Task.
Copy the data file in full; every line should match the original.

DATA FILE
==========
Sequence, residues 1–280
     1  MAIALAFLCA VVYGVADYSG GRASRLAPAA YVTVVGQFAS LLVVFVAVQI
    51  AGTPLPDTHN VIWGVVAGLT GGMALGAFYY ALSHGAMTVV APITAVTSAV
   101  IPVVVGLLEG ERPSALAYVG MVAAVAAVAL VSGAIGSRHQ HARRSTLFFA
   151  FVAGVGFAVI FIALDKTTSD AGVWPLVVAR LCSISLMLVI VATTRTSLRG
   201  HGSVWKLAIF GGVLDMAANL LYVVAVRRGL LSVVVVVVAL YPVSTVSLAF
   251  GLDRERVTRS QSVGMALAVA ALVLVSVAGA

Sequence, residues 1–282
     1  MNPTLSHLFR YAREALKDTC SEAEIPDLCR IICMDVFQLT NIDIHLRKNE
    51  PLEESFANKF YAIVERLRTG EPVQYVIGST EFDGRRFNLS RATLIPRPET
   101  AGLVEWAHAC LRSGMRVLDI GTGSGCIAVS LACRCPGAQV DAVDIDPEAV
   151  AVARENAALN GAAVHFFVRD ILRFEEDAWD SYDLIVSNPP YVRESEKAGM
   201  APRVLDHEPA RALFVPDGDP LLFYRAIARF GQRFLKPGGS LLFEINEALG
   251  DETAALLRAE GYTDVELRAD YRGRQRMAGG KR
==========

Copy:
Sequence, residues 1–280
     1  MAIALAFLCA VVYGVADYSG GRASRLAPAA YVTVVGQFAS LLVVFVAVQI
    51  AGTPLPDTHN VIWGVVAGLT GGMALGAFYY ALSHGAMTVV APITAVTSAV
   101  IPVVVGLLEG ERPSALAYVG MVAAVAAVAL VSGAIGSRHQ HARRSTLFFA
   151  FVAGVGFAVI FIALDKTTSD AGVWPLVVAR LCSISLMLVI VATTRTSLRG
   201  HGSVWKLAIF GGVLDMAANL LYVVAVRRGL LSVVVVVVAL YPVSTVSLAF
   251  GLDRERVTRS QSVGMALAVA ALVLVSVAGA

Sequence, residues 1–282
     1  MNPTLSHLFR YAREALKDTC SEAEIPDLCR IICMDVFQLT NIDIHLRKNE
    51  PLEESFANKF YAIVERLRTG EPVQYVIGST EFDGRRFNLS RATLIPRPET
   101  AGLVEWAHAC LRSGMRVLDI GTGSGCIAVS LACRCPGAQV DAVDIDPEAV
   151  AVARENAALN GAAVHFFVRD ILRFEEDAWD SYDLIVSNPP YVRESEKAGM
   201  APRVLDHEPA RALFVPDGDP LLFYRAIARF GQRFLKPGGS LLFEINEALG
   251  DETAALLRAE GYTDVELRAD YRGRQRMAGG KR